Death Penalty Needs Fixing, Say Critics
July 7, 2008 - 7:23 PM
(CNSNews.com) - The death penalty should be changed or abolished because it is corrupting the U.S. system of justice at all levels, critics alleged on Friday.
"It corrupts all of us. It is corrupting our courts, it's corrupting prosecutors, it's corrupting defense attorneys, it's corrupting juries, it's corrupting our society," said Bryan Stevenson, a defense attorney and professor of clinical law at New York University's School of Law. He was among those participating in a National Press Club discussion on the future of the death penalty.
Stevenson said the system is so corrupt in Alabama that 80 percent of death row inmates face execution for committing crimes against white people, while 65 percent of all murder victims are black.
"The people on death row are not terrorists. They are not Timothy McVeigh. The majority of them are poor, the mentally ill, the wronged," Stevenson said.
Sam Millsap, former district attorney for Bexar County, Texas, said too many innocent people face the death penalty. "It's better that a hundred guilty men go free, than one innocent man gets sentenced to death. It's important that we remember that."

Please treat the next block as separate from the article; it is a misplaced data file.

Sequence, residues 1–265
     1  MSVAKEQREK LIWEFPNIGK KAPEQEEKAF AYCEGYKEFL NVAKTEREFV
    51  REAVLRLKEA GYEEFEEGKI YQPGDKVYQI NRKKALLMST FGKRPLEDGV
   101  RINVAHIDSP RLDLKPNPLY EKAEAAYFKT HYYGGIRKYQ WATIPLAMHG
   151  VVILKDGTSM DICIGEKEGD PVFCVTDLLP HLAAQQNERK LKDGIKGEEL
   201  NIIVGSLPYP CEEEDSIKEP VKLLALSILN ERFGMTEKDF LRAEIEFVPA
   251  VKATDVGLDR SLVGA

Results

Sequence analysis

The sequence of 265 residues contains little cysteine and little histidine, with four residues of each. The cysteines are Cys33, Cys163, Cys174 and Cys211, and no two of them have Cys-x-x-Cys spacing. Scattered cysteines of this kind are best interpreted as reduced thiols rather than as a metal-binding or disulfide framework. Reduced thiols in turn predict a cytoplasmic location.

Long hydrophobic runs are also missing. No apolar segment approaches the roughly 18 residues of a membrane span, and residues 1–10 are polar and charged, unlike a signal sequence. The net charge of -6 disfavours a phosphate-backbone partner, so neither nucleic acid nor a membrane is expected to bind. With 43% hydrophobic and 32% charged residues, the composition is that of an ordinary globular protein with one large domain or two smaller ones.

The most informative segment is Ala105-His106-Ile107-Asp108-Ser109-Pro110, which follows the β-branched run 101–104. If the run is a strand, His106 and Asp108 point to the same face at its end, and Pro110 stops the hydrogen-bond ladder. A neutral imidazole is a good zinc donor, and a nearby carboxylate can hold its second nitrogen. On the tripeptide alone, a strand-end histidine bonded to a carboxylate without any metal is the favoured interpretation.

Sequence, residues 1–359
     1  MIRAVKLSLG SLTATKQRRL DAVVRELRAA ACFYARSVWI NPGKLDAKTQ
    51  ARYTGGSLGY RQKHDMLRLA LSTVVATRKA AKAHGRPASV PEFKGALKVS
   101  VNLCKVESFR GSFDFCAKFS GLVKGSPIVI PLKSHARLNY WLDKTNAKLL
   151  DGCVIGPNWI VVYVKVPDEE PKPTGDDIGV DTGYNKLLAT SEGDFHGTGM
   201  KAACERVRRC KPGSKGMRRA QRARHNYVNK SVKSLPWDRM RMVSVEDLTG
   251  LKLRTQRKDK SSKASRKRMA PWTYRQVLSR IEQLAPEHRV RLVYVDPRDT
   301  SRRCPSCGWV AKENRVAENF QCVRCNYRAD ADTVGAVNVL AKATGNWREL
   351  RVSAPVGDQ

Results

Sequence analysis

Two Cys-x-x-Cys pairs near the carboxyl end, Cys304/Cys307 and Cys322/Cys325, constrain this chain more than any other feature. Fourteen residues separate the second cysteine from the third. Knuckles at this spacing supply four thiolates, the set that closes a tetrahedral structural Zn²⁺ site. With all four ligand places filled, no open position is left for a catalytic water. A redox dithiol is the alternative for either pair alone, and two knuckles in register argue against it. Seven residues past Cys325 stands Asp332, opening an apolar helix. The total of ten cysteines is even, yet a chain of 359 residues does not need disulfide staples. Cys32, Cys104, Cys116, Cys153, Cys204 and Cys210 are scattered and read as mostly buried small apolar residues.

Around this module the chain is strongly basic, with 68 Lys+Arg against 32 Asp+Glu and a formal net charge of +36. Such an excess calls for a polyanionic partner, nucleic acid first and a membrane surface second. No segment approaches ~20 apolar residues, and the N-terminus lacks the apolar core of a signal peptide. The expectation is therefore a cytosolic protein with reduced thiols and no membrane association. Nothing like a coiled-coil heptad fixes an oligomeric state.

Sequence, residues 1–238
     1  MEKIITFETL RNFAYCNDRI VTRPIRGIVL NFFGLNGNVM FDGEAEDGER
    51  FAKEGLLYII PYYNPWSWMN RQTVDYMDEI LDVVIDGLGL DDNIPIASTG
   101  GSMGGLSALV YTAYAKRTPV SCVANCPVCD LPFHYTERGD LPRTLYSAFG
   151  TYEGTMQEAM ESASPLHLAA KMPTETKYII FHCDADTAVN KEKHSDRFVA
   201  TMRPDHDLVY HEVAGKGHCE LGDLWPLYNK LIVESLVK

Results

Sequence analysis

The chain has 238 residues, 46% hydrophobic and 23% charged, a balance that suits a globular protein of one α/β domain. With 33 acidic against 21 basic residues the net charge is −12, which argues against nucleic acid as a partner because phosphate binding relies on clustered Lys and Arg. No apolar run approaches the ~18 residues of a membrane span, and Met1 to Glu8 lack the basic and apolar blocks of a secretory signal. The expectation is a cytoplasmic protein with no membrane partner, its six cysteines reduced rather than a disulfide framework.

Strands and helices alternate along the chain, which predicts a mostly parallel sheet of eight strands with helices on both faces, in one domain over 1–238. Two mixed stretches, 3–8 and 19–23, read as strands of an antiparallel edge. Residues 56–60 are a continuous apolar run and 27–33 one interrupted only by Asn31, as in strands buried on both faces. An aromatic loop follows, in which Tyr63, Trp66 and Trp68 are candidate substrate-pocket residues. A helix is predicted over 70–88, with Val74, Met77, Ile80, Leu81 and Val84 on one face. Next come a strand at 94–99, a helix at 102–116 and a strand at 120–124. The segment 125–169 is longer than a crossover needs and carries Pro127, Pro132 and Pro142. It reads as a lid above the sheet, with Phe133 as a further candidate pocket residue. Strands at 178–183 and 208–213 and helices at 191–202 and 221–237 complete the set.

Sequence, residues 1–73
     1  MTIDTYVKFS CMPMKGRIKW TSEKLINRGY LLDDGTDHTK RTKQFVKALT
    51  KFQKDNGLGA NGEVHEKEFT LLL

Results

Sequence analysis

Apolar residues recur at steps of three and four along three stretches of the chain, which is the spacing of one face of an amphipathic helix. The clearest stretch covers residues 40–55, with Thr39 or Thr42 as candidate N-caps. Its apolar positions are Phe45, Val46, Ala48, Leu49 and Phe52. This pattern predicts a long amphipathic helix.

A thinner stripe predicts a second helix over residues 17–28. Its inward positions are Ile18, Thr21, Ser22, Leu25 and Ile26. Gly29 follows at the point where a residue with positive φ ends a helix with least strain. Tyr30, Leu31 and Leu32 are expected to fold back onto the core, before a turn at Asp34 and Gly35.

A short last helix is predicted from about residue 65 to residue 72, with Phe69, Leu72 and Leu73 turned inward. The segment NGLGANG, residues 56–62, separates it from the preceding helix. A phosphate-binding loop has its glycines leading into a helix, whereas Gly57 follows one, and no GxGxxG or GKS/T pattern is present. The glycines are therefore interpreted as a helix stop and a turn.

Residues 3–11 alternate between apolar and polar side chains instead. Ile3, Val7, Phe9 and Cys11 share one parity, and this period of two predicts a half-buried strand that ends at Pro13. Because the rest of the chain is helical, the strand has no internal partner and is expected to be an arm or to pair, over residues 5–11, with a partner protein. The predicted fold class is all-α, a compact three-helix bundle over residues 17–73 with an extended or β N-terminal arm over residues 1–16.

Kenneth Starr, a former U.S. solicitor general and independent counsel who investigated the Bill Clinton/Monica Lewinsky scandal, said that while he favors the death penalty, it needs to be fixed. "I am not an abolitionist and never have been," he said.
Starr said the president and governors have the power to grant pardons and clemency and should do so more frequently. It is a power that Starr said has not been used in California since Ronald Reagan was governor.
"There is a frank unwillingness of virtually every governor to exercise that power," he said.
But William Otis, former special White House counsel for President George H.W. Bush, said there are crimes that are too gruesome to be punished by a life prison sentence.
"The burden of proof is on the abolitionists' side, and it is not really enough to show that there are questionable, or sympathetic, or problematic cases, as there are in every aspect of litigation," said Otis. "What they must show is that every execution is wrong."
Otis added that while each case should be decided on its own merit, he believes more murderers should be sentenced to death. "It is the death penalty and not abolition that will save innocent life," he said.
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